I haven't even gotten to the framing device yet! The bourgeois self-discovery that necessitated all this tiresome historical lecturing, the young Alexis and her misgivings about her fussy boyfriend. I don't remember his name but we'll call him Chad because he is very much that sort of stock character. Actually, we won't call him anything because the frame narrative is even duller than the village girls trying on wedding dresses. In fact, let's forget this whole fucking novel!

But let's not forget Hislop. Proving that history repeats itself as tragedy and farce, Victoria Hislop has managed to craft a literary career for herself out of being the same sort of high-serious dunderhead the almighty Wodehouse skewered so brilliantly with a hundred better stories.

Monday, September 5, 2016

Gazing into the Abyss

I'd like to talk about the nature of evil. "Evil" as a vaguely defined concept is awfully popular in American culture, especially since 2001, but it's never come in for sharp critique.

This is due to two powerful factors: 1) Americans as a general rule do not like to critique anything ever, hence why shit-awful movies like The Avengers and Transformers always make more money than anything worthy. And 2) A serious analysis of evil as a concept leads to discomforting revelations.

Let's start slow - Who do you hate? Just of the top of your head, someone you wouldn't mind seeing creamed by a bus? If you answered at all you've demonstrated evil, naturally, but that brings us to our next question: Why do you hate this person?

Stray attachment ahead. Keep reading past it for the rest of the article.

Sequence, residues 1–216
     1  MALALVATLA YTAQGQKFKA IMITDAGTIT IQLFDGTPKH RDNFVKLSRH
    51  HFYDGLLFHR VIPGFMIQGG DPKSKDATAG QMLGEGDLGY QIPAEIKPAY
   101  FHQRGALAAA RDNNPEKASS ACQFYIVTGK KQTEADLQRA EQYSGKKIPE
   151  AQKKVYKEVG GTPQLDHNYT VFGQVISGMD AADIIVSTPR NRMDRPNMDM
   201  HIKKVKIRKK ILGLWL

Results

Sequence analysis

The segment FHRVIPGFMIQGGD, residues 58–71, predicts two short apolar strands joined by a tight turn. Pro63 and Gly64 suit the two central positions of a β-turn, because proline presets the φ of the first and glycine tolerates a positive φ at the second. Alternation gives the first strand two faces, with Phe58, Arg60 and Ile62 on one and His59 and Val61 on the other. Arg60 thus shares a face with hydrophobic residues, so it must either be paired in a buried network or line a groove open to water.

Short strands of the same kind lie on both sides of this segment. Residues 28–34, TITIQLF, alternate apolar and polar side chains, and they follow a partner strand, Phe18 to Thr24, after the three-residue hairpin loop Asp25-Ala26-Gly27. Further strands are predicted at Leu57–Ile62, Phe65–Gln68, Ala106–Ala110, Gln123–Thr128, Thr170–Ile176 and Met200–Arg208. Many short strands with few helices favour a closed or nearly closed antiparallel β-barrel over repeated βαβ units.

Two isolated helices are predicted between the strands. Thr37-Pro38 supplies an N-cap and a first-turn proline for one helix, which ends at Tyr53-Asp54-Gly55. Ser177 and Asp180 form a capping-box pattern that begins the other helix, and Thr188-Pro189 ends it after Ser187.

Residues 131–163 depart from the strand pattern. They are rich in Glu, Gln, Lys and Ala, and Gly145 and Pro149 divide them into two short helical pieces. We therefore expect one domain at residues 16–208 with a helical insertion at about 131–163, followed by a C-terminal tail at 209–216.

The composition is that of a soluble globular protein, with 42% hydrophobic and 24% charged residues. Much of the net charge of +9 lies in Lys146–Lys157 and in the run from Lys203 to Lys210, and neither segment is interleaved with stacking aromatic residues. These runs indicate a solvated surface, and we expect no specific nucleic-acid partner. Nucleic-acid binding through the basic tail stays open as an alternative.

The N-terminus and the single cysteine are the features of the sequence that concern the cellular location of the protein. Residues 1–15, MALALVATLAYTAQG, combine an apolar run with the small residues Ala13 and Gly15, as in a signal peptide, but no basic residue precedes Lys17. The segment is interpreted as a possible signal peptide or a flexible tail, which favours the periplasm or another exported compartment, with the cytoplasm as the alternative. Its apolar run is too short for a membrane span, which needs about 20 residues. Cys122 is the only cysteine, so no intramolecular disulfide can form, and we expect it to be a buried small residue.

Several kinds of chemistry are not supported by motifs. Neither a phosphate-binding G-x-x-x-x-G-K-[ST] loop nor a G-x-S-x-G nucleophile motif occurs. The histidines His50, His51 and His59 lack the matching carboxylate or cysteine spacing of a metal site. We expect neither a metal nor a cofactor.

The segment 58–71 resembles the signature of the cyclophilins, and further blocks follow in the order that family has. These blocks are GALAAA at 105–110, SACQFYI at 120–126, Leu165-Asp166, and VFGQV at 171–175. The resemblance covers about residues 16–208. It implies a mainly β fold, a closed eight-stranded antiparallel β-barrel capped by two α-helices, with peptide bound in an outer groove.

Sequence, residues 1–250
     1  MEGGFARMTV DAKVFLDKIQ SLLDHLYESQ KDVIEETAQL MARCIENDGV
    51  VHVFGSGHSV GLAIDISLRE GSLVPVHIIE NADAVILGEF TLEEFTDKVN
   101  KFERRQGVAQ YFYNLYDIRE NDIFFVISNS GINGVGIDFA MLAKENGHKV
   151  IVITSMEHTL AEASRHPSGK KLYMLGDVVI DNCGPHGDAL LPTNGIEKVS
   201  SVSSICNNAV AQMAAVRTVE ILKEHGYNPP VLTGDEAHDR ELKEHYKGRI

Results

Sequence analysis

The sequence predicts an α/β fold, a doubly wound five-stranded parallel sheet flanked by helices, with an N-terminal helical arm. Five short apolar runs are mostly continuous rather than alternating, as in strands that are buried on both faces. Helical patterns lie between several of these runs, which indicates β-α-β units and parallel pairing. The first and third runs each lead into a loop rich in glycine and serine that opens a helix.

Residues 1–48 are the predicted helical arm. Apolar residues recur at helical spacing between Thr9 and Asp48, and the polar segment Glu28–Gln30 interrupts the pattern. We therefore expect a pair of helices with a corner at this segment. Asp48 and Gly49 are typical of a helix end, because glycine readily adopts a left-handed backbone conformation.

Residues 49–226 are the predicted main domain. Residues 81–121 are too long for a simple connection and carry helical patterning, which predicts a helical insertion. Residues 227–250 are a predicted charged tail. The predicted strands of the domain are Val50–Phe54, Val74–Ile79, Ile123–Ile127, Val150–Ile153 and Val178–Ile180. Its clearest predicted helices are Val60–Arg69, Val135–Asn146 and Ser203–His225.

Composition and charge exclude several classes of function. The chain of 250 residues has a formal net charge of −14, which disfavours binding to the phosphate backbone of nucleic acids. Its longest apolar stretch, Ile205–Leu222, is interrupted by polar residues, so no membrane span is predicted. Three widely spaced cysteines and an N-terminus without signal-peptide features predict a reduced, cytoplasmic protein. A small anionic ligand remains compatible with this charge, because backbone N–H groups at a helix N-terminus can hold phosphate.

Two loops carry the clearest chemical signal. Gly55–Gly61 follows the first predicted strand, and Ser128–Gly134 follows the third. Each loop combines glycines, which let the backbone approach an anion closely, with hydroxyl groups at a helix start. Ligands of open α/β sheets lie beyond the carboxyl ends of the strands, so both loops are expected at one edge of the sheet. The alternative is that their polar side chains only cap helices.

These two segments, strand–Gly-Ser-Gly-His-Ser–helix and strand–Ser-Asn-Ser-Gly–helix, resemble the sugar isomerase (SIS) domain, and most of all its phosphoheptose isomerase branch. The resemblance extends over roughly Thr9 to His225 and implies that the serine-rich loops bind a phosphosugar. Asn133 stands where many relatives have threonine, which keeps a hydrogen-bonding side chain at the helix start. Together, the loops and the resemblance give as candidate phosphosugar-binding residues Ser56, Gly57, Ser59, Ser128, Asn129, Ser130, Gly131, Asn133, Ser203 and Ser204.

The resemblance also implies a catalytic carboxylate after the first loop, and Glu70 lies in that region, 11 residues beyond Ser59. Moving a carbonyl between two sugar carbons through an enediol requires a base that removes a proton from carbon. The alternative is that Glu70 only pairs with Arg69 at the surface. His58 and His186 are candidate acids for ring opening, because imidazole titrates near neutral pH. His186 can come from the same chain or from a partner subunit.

Have they done something to you? They probably have, since people are so invariably shitty to one another. Or, to go into murkier waters, has this person actually not done much of anything to you directly but something about their existence just offends you? Maybe they're more successful, maybe they're less successful but not bothered by it.

Maybe they're just different from you...

All of these reasons are evil, there's no denying. At least not by anyone who matters. But why would you have these reasons in the first place? Why should the material fortunes - or lack thereof - of another person concern you in such a way?

Because society told you to. Whether your parents or television or the other kids in your neighborhood, you were conditioned to hold these wicked views by others. Racism is often explained this way and while it doesn't touch on the depth of human atavism it at least gets the gist of things. Whatever malice you hold for others, if not founded in a direct personal experience, was fostered by the world around you as culturally normative behavior.

Here we move out of the comforting Neoplatonist definitions of evil and into the more grimly rationalist view. The idea that this is not in fact the best of all possible worlds, that the harmony we think we see in Nature is just an anthropocentric delusion, and that Evil is not an aberration in the grand scheme of things but rather the banal starting point.
[T]here’s only one evil, it suffuses everything we see, and while one might do less harm than the other, each of its warring parts is still fundamentally the same thing. Donald Trump’s frenzied populism couldn’t exist without the suffocating liberal condescension of a Hillary Clinton; nobody would ever vote for Clinton if it weren’t for the looming threat of a Trump.
That which is good, or at least not-evil, is not the baseline but rather the achievement. The long and ugly march of human history bears this out, though it is too often taken as a given. The old feudal hierarchies of Europe did not so much progress to liberal democracy as they were dragged kicking and screaming. As a labor activist once said, "It's never been easy," because every little improvement came from a confrontation with entrenched power that always sees its own self-perpetuation as the most important task at hand. Whether the power is claimed by divine right or meritocratic ladder climbing, it always seeks to preserve "order" at the expense of those outside its hallowed halls.

Evil, then, is both the natural state of existence and the resistance to changing for the better.